Jack McGee: FACT Absolutely this is a fact. Listen, I understand what the promotion is doing with the Fight Pass shows. They want to run shows in countries where MMA is desired, and they want to do it in prime time in THOSE specific markets. These are not shows that you have to watch, it is nice to have access, but for the US it is not must see TV. But the problem is that on a lot of these shows, they are taking matches that could make prelims much stronger on important events away. Hell, some of these main events would be lucky to main event the FS1 prelims on PPV night. I mean, Nate Marquardt vs. James Te Huna? A main event anywhere on the Internet, apparently. The Fight Pass shows, especially these international ones, need to utilize more local talent for their undercards is one thing I have noticed, they sometimes do this, but they could do more, and also, 10 fights MAX people. But as for the statement, again, absolutely a fact. Between the usual injuries you will have in the sport, the recent failures and or retirements and running what feels like 100 shows this year, the company needs to dial it back. They are losing the hardcore fans like myself because it is hard to care about every show, and the casual fans have no interest in a card where they have to research main card talent. The casuals need names to fill most of the card, and judging by some of the comments on shows this year (including the always bad "I didn't even realize there was a show this weekend") the UFC needs to be very careful.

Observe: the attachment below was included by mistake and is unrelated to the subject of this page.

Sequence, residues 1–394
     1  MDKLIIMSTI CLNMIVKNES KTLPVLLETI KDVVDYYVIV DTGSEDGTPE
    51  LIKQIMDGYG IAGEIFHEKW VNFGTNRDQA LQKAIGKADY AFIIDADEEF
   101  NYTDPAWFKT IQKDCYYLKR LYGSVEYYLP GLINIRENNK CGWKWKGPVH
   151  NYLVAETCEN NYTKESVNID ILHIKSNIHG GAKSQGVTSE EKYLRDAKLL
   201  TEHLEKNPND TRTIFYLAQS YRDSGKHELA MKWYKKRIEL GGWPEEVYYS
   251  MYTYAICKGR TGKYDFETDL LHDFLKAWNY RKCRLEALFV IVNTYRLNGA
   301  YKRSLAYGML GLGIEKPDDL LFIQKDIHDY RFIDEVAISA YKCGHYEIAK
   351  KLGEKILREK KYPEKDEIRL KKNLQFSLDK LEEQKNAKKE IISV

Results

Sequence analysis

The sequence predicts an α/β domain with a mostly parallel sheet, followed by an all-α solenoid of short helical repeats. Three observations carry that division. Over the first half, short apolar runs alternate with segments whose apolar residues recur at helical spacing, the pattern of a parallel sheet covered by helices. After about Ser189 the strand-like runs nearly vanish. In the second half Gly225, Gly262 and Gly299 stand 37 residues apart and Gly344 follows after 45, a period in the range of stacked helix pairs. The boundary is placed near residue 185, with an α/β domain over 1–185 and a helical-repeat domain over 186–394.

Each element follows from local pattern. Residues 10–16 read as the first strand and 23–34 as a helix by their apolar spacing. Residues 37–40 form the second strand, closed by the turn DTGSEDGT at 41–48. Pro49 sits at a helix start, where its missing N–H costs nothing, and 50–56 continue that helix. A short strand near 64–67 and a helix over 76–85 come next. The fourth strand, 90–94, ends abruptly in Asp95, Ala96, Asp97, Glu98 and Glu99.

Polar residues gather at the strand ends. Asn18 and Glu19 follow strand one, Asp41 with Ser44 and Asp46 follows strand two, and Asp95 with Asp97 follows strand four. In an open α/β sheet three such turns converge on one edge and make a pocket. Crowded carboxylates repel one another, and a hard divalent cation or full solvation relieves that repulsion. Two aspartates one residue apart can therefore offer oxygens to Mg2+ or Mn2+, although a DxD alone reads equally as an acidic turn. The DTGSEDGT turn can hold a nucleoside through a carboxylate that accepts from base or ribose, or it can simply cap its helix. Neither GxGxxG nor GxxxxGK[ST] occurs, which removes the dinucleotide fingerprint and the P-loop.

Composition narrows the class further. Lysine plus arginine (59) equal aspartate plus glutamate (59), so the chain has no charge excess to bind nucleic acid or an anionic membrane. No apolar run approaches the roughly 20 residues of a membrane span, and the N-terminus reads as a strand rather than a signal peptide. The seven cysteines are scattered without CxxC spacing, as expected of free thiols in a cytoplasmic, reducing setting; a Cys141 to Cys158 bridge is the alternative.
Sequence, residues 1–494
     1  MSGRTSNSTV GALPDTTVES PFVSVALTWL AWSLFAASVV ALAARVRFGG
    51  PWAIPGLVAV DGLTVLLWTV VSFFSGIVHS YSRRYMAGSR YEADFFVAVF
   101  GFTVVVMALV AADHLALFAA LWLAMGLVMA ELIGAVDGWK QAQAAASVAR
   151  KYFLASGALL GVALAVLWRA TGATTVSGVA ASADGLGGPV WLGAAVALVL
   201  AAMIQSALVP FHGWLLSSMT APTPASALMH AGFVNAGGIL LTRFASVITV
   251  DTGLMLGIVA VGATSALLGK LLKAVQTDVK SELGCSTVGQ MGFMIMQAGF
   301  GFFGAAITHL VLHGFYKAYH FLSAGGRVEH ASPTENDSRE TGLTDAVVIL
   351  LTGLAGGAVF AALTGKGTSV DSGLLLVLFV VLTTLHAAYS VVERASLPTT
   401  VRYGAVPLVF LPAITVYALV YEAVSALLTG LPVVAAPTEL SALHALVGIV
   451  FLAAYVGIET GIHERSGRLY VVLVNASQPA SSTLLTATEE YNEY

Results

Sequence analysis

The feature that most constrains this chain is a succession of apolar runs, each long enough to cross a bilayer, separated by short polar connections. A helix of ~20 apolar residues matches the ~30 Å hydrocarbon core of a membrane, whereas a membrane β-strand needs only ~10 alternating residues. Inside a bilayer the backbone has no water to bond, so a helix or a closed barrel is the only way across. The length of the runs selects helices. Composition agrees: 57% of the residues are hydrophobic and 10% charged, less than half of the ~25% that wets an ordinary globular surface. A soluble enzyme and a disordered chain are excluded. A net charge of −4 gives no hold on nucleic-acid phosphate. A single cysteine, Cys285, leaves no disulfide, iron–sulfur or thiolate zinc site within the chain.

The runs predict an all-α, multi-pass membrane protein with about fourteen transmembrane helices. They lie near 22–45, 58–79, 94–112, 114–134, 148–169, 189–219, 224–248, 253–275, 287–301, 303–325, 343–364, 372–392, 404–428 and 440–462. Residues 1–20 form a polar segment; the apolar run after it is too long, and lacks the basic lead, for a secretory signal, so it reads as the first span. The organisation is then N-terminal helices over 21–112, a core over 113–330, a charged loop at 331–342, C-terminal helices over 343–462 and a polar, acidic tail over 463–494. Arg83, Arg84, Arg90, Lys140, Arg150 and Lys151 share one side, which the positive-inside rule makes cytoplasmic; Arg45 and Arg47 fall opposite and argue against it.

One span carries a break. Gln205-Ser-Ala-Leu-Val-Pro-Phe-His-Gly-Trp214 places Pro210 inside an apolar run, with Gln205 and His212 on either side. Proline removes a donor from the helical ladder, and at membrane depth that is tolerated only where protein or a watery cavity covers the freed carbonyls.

Alex Rella: FACT I'm going with Fact on this one, but I'm not as convicted about this as other MMA writers and fans. The injuries aren't as bad as they were back in 2012, but yes it is part of the rigorous sport and you're going to get the occasional drug suspension as well. For the most part, main event level guys aren't the ones getting suspended either, but yes they need to take a serious look at how many shows they run and how they allocate fights. I'll never complain about weekly UFC shows, but it has been excessive at times. Running two shows in the same day is way too much and it does water down the product. Add UFC Fight Night 43 and 44 together and you got a great show, but instead they had two okay shows. They also need to divvy up title fights a little better. Don't put Ronda Rousey and Chris Weidman on the same show when you're running so many ppv's and especially when you know some of your champions are very injury prone. So yes they should maybe reconsider how they're scheduling things, but one cancelled show isn't anything to fret about either.